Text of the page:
The granite walls and peaks of the Stuart Range have seen prodigious new route activity in the last few years, with the rock generally excellent and often studded with knobs and fins when the cracks peter out. After climbing the north ridge of Mt. Stuart in June with Graham Zimmerman and Scott Bennett, we had intended to repeat a neo-classic of the area, Acid Baby, which climbs a 300m tower looming above Aasgard Pass. As we post-holed up from Colchuck Lake, I realized my one ascent of the route had left me with almost no recollection of where Acid Baby went, but I had remembered a long dihedral to the left. Scott and Graham were happy to try something new, so we began up a slab 40m to left of Acid Baby.
We generally followed a left-facing corner system, which yielded five pitches of 5.10 climbing before joining Acid Baby for its remarkable finish—a hand-traverse along a knife-edge prow. The crux came high on the second pitch, where Scott’s onsight of a steep corner was briefly halted as he changed footwear mid-pitch, thus nearly, but not quite, leading all the hardest pitches in tennis shoes. The route was quickly repeated by several friends and neighbors from Leavenworth, with generally positive reviews: The Valkyrie (300m, 5.10).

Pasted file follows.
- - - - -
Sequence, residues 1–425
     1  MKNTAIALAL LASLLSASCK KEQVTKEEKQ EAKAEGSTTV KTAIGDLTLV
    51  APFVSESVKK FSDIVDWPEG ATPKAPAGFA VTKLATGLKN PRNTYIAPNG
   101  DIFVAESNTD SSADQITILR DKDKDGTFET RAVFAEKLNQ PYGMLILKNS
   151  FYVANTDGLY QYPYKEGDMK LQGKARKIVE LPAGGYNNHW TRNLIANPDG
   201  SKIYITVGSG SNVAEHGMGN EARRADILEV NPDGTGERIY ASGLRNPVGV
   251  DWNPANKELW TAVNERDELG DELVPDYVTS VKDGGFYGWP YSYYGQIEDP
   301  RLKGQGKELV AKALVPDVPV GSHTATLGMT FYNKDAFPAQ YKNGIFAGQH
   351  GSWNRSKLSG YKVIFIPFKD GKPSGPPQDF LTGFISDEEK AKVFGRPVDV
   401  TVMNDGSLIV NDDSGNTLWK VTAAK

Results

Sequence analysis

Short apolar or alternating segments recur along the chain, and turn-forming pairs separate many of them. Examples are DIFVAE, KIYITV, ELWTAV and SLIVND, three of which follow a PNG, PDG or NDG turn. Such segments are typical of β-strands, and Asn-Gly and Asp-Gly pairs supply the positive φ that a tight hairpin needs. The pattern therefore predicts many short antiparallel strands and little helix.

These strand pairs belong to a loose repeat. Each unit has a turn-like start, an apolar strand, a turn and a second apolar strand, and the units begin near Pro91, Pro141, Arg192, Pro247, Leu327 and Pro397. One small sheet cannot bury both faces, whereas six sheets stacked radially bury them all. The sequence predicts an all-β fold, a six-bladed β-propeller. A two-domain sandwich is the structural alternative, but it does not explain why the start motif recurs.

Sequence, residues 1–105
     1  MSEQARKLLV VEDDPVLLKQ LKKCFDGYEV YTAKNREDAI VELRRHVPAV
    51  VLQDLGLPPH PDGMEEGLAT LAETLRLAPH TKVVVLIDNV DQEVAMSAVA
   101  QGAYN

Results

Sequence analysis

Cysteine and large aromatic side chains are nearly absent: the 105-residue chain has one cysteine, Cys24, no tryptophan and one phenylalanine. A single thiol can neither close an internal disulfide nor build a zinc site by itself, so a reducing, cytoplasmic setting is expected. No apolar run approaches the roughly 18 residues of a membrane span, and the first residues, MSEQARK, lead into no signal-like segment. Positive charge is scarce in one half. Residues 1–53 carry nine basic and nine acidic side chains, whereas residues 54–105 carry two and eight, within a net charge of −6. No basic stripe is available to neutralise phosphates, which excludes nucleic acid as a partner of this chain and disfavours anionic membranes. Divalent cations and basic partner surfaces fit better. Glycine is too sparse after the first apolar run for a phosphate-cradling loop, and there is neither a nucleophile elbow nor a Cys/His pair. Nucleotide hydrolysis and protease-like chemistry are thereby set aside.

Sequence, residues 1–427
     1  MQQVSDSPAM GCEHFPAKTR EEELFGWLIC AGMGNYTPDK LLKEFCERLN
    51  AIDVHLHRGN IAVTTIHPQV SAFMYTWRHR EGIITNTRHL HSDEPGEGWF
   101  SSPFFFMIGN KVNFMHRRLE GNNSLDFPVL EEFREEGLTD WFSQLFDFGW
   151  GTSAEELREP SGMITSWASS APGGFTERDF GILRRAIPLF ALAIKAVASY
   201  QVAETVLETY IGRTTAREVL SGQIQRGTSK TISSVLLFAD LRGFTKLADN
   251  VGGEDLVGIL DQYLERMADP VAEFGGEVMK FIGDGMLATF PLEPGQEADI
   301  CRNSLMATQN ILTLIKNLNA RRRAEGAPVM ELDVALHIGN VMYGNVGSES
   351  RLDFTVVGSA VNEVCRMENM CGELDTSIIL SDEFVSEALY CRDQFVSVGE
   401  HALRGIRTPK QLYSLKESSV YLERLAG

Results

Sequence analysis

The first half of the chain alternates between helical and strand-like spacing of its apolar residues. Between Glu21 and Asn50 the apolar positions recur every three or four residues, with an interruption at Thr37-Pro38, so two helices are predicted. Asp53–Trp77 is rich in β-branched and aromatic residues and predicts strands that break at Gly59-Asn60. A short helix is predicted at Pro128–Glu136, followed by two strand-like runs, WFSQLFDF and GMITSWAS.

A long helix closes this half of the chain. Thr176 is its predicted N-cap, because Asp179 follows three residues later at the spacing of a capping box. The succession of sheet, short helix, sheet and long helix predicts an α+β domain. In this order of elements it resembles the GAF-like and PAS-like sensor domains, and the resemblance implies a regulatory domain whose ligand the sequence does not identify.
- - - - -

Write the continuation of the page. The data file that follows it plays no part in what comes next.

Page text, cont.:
Blake Herrington, AAC